Thanks Jill! I'm more conflicted than ever now, too many great combinations!


The Color Purple, No, Green


The green text on this right of this page is the tiniest bit too blue, it doesn't match the other greens on this page, which are more yellow. (Trust me, there's a connection to kitchen design...) UPDATE: I changed the green color, but pretend I didn't and read on...   ;-)

But, I LIKE this green text - it is different, but similar, therefore, it "pops", differentiates itself. The voices in my head are in a little conflict over this. My love of this green text is winning over my analytical voice, which tells me that it doesn't match the other greens. (Or, is that my mother's voice!?) I had an olive green text color in its place and it matched beautifully, BUT, it just didn't pop on the page like THIS green does. It's more a combination of many colors in the image, something I liked, also, against the white page.

On to Kitchens

Hochberger_01a.jpgI have one particular kitchen in mind where the paint color of the window and doorway, and baseboard casings match nothing in the kitchen, there being a blue green hutch that cannot be seen in the image in the link below, yet blends with (most) everything.

In this case, the client wanted very light walls without any sort of treatment on it, which to me, meant that white trim and casings would wash everything out, not to mention the cabinetry being an off-white. Can you say "bland"?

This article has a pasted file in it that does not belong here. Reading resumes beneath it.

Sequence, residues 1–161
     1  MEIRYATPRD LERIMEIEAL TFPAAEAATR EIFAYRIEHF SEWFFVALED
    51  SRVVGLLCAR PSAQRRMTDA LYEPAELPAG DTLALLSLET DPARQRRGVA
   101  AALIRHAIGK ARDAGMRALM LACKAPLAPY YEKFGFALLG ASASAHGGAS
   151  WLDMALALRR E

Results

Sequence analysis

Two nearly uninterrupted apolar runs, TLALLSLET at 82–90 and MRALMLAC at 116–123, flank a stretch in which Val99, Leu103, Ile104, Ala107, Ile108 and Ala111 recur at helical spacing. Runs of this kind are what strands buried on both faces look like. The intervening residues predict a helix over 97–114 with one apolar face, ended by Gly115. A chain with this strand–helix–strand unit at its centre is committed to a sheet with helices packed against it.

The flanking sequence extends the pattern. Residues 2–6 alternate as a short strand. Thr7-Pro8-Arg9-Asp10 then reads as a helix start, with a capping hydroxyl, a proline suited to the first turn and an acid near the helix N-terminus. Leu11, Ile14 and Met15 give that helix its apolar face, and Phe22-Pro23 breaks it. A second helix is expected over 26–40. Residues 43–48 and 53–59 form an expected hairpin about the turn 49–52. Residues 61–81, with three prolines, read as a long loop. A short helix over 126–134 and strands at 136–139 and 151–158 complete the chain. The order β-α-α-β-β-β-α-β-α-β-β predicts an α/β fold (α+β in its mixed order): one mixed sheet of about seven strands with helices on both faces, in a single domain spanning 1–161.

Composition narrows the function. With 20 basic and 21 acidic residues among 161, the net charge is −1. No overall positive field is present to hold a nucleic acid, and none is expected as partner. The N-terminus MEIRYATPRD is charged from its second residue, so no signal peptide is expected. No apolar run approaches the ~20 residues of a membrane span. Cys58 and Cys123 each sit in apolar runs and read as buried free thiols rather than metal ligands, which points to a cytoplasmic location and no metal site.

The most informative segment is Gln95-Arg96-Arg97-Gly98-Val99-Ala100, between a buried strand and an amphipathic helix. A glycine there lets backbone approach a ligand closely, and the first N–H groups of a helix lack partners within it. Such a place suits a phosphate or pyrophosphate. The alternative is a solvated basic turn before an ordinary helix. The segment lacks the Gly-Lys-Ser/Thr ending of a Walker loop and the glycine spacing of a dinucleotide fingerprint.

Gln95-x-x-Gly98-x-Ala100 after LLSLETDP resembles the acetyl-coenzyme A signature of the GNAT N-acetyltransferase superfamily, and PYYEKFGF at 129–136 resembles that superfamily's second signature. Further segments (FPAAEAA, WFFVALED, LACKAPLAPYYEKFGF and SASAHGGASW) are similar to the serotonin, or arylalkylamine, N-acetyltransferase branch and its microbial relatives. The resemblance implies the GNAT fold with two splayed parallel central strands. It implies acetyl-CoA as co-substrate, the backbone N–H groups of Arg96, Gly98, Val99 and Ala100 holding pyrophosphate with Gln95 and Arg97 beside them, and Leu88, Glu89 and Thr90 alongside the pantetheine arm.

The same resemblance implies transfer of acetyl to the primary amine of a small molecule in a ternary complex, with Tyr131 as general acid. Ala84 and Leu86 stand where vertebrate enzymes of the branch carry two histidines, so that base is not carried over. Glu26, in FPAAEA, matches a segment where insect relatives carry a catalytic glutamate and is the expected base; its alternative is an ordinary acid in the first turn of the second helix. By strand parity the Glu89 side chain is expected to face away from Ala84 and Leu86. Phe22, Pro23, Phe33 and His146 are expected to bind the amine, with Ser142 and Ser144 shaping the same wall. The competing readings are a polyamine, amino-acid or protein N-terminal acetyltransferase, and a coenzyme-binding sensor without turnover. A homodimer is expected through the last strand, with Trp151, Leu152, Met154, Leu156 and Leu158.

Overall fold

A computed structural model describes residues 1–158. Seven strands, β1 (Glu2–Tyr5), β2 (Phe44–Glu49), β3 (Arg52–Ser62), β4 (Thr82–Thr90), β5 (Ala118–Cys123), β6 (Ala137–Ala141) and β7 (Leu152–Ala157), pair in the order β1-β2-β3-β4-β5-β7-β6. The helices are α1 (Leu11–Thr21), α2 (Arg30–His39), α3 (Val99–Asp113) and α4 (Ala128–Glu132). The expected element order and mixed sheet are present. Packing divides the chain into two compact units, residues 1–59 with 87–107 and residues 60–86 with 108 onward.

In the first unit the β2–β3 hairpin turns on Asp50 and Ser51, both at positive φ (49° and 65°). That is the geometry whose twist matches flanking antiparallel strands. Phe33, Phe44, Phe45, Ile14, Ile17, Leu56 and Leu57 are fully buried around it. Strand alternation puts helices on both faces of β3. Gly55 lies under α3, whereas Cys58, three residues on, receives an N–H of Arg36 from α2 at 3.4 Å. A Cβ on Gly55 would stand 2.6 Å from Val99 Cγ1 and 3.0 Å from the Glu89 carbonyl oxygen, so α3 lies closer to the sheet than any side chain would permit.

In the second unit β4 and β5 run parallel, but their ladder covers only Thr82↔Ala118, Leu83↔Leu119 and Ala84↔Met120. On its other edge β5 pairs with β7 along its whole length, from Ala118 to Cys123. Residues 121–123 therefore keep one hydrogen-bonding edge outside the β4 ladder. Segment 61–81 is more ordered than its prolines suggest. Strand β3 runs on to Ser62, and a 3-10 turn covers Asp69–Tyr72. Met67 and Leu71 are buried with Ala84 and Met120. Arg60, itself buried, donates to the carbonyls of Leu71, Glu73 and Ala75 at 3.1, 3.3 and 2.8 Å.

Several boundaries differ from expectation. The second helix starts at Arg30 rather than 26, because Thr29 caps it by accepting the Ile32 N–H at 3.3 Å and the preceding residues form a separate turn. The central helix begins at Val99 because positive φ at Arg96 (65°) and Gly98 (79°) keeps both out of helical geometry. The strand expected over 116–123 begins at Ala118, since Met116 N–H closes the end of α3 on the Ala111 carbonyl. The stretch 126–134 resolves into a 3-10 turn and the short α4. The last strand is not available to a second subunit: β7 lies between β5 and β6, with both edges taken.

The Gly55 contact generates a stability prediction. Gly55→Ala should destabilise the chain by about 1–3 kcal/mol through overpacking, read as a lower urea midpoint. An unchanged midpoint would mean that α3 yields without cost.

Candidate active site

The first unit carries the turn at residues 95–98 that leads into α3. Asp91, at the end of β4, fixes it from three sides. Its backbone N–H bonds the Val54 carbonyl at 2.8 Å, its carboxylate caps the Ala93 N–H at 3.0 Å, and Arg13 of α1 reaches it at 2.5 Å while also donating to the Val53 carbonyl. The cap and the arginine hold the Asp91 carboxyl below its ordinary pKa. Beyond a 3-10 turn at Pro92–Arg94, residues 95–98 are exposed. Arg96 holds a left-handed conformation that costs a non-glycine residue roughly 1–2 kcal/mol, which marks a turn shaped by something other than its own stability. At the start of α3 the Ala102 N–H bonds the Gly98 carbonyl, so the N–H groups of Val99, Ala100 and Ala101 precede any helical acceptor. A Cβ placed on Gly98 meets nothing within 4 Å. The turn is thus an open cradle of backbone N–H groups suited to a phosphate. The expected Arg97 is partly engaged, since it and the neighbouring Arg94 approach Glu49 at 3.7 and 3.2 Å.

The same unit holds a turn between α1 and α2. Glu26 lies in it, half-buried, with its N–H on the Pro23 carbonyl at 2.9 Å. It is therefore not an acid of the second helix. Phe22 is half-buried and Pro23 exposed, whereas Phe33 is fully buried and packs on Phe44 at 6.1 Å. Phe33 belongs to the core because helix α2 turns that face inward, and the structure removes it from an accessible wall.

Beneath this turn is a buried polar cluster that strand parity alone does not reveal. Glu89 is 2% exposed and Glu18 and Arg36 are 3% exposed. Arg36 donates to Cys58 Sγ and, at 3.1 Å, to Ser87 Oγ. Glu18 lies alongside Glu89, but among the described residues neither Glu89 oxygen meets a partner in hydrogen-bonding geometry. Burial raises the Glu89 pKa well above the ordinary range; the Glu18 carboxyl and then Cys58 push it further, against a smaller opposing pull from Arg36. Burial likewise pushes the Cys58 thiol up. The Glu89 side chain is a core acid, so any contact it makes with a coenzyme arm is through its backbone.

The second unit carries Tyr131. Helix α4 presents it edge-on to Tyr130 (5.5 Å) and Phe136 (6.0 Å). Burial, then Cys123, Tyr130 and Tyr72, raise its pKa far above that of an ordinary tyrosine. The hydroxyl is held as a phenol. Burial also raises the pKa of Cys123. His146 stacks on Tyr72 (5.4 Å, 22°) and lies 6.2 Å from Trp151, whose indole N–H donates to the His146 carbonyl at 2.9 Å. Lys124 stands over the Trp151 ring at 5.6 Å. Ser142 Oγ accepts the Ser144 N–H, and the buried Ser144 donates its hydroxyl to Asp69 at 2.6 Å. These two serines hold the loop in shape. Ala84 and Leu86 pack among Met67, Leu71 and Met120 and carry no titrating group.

The decorator on the project was at a loss as to what color the trim should be, so I was consulted (I should have been consulted prior, anyway). The client chose the granite and the tile by herself. The family room has a wide opening to the kitchen, and the furnishings were more in the olive green family.

Due to the serious architecture of the house, I felt the trim color should be "serious" as well, which is why I ruled out a blue/green color. I felt it would have been too "candy cane", plus it would not transition well into the family room. I thought the color should be strong, yet feel somewhat neutral, yet with some color to it. Most of all, I felt the color should be warm, rather than cool, yet I did not see a tan shade here. Those were my intuitive feelings. I felt choosing a color which would sort of bridge several colors together, yet not match directly, was a good idea. The colors here are somewhat analogous, meaning, they are next to one another on the color wheel, which is one of my favorite ways to use color.

In the end, if I had my choice (and I didn't have a choice here in the following...), I would have chosen a different granite (if it had to be granite) and a different floor tile (if it had to be tile) and a different wall color, plus, I would have painted the niches up above, to have them stand out, as I believe they should. That's not to say it is not a terrific kitchen!

Whether you like it or not, you will have a reaction to this color. See it here.

Lesson: Don't be afraid of color! Your colors do not have to match. They should make sense in some way, and if they only make sense to you, that's ok too! Surrounding rooms have to be considered, as well as the architecture, other materials in the room, and wall treatment/color.  Most of all, colors are seen in context to one another. More on that at another time. But, to my eye, colors look best, and most interesting, when they are slightly off from one another, maybe tied in with another color as a bridge, maybe not. Go beyond "matching".

How about you? How are you going to use color in your kitchen, or how are you using it now in other rooms?